Obama, Putin set to meet in Mexico
WASHINGTON PRESIDENT Barack Obama and Russian President Vladimir Putin will use their meeting on Monday, the first since Putin returned to Russia’s top job, to claim leverage in a mutually dependent but volatile relationship.
Obama needs Russia to help, or at least not hurt, US foreign policy aims in the Mideast and Afghanistan.
Putin needs the United States as a foil for his argument that Russia doesn’t get its due as a great power.
Obama and Putin are set to meet on the sidelines of the Group of 20 economic gathering in Mexico that will otherwise focus largely on the European economic crisis.
Greece’s fate as part of the eurozone may be sealed as Obama and other world leaders meet, and the gathering is a natural forum for sideline discussions of the urgent crisis in Syria as well as diplomatic efforts to head off a confrontation with Iran.
Russia is a linchpin in several US foreign policy goals.
Chief among them are the international effort to deny Iran a nuclear weapon and a smooth shutdown of the Afghanistan war. Brutal attacks on anti-government protesters in Syria and the threat of civil war in the Mideast nation pose the most immediate crisis. In the longer term, Obama wants Russia’s continued cooperation in nuclear disarmament and nonproliferation.
Russia’s membership in numerous world bodies and its veto power at the UN Security Council give it leverage beyond its economic or military power.
Obama holds far greater power and both leaders know it. But Putin can be a spoiler and irritant to the administration.
Things got off to a rocky start this spring, when Obama pointedly withheld a customary congratulatory phone call to Putin until days after his election. Putin appeared to snub Obama by skipping the smaller and weightier Group of Eight meeting that Obama hosted last month.
“Putin is in a petulant sort of mood,” said Russia scholar Mark N Katz of George Mason University. “He’s got all these grievances about American foreign policy and he’s looking for us to satisfy him, and I don’t think we’re going to do that. No amount of bonhomie or talking nicely is going to fix that.” Obama made a special project of Russia in his first term and arguably needs Moscow’s help even more if he wins a second one. He is trying to avoid a distracting public spat with Russia during this election year, as suggested by an overheard remark to outgoing Russian President Dmitry Medvedev in March. Obama told Medvedev he would have more flexibility to answer Russian complaints about a US-built missile defence shield in Europe after the November election.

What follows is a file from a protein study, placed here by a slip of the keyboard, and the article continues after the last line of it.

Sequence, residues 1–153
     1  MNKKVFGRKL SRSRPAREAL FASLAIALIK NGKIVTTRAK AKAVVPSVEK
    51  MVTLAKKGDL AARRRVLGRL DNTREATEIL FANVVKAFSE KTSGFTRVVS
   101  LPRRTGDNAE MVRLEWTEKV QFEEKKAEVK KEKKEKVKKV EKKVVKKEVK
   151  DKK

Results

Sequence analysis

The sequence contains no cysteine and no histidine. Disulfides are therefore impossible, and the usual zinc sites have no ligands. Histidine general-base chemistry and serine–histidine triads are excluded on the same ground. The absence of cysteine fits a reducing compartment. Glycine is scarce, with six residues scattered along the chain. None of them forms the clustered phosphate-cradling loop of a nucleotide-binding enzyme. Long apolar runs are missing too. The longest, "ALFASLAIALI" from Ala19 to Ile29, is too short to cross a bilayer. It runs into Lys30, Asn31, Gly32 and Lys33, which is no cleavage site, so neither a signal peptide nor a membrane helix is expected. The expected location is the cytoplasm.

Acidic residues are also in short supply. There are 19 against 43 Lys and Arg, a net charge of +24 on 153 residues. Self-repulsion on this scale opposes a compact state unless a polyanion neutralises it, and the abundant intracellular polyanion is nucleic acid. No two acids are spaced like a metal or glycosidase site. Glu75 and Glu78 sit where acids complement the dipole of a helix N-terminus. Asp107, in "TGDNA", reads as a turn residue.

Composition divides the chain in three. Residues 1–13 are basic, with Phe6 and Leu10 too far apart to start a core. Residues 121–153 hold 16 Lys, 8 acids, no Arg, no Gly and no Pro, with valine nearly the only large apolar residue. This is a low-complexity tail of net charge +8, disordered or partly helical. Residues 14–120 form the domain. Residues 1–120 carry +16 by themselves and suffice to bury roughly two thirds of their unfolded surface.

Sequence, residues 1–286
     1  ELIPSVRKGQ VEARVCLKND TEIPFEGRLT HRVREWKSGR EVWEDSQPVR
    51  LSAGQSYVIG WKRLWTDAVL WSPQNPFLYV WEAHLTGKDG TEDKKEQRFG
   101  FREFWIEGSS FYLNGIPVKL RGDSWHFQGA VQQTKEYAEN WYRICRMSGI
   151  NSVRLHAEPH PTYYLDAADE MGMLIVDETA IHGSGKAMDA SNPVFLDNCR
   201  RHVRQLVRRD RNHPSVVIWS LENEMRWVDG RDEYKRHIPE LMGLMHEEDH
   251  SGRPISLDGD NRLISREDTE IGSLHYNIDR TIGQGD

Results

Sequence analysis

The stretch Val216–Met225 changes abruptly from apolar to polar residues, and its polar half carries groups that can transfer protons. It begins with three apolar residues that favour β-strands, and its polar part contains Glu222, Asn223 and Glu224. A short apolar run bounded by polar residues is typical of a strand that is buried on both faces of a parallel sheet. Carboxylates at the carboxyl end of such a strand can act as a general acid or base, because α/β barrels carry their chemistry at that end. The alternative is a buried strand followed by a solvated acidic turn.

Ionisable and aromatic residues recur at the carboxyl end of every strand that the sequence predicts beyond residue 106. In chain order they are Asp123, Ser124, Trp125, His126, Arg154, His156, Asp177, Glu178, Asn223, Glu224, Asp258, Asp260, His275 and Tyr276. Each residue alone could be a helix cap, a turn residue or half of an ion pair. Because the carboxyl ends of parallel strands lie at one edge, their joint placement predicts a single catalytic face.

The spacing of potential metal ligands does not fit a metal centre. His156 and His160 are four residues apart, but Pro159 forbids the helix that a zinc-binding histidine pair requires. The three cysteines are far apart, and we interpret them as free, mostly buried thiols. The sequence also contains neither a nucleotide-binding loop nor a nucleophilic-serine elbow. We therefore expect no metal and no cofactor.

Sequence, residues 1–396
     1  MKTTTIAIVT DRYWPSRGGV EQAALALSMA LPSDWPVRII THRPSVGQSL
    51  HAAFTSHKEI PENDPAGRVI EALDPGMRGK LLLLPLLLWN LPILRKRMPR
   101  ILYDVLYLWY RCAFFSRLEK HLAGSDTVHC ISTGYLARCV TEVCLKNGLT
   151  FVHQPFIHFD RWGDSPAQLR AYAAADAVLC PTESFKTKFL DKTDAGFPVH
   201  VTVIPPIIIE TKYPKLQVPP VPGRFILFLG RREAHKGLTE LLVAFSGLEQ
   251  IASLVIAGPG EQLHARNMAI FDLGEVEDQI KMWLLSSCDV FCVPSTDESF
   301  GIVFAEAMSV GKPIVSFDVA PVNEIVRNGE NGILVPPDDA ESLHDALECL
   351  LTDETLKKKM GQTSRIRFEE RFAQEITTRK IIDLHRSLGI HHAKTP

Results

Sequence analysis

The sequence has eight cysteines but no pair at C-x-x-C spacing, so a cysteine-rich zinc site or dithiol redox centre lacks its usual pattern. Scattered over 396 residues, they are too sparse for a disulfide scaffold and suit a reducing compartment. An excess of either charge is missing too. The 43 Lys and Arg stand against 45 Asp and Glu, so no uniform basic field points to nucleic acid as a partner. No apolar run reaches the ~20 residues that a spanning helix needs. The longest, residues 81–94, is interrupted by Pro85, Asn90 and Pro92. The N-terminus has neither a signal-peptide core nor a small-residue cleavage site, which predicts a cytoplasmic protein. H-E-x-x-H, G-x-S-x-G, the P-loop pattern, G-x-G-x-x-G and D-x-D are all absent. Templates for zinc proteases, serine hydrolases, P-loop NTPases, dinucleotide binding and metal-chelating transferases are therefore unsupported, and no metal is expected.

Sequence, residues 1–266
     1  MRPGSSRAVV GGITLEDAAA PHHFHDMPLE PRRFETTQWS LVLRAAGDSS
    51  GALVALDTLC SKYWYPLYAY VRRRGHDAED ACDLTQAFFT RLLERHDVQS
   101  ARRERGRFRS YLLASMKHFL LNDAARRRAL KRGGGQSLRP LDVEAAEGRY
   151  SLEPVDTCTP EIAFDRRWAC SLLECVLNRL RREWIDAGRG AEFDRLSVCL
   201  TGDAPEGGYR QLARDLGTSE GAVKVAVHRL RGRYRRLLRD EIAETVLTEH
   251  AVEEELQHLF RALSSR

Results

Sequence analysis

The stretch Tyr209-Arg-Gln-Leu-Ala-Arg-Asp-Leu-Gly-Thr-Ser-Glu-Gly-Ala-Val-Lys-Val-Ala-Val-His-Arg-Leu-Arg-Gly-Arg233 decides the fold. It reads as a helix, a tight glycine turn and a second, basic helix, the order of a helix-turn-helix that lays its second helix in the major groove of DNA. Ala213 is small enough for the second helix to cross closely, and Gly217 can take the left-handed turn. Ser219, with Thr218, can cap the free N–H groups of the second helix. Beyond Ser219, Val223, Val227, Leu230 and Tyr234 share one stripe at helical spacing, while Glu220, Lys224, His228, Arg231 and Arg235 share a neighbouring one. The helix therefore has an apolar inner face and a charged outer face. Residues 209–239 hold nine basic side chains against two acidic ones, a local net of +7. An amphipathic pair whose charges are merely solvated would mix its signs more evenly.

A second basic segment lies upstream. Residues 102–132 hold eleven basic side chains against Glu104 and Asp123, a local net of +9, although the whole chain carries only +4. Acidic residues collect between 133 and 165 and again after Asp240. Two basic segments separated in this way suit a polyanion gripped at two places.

For all Obama’s talk of resetting the relationship with Russia, it remains a wary standoff. That’s apparently just the way Putin prefers it.
Putin’s campaign included some of the strongest anti- American rhetoric from Moscow in a decade and he openly accused Secretary of State Hillary Rodham Clinton of inciting protests against him. The Obama administration mostly tried to shrug it off, but Putin’s return to the presidency makes it more likely that any help Russia provides in Syria, Iran or other matters will come at a cost.
Putin’s own return to the presidency was far more certain than Obama’s re-election chances. Despite their differences, Putin probably would prefer a second Obama term to a Mitt Romney presidency, Katz said, not least because the Republican challenger has called Russia the chief strategic enemy of the United States.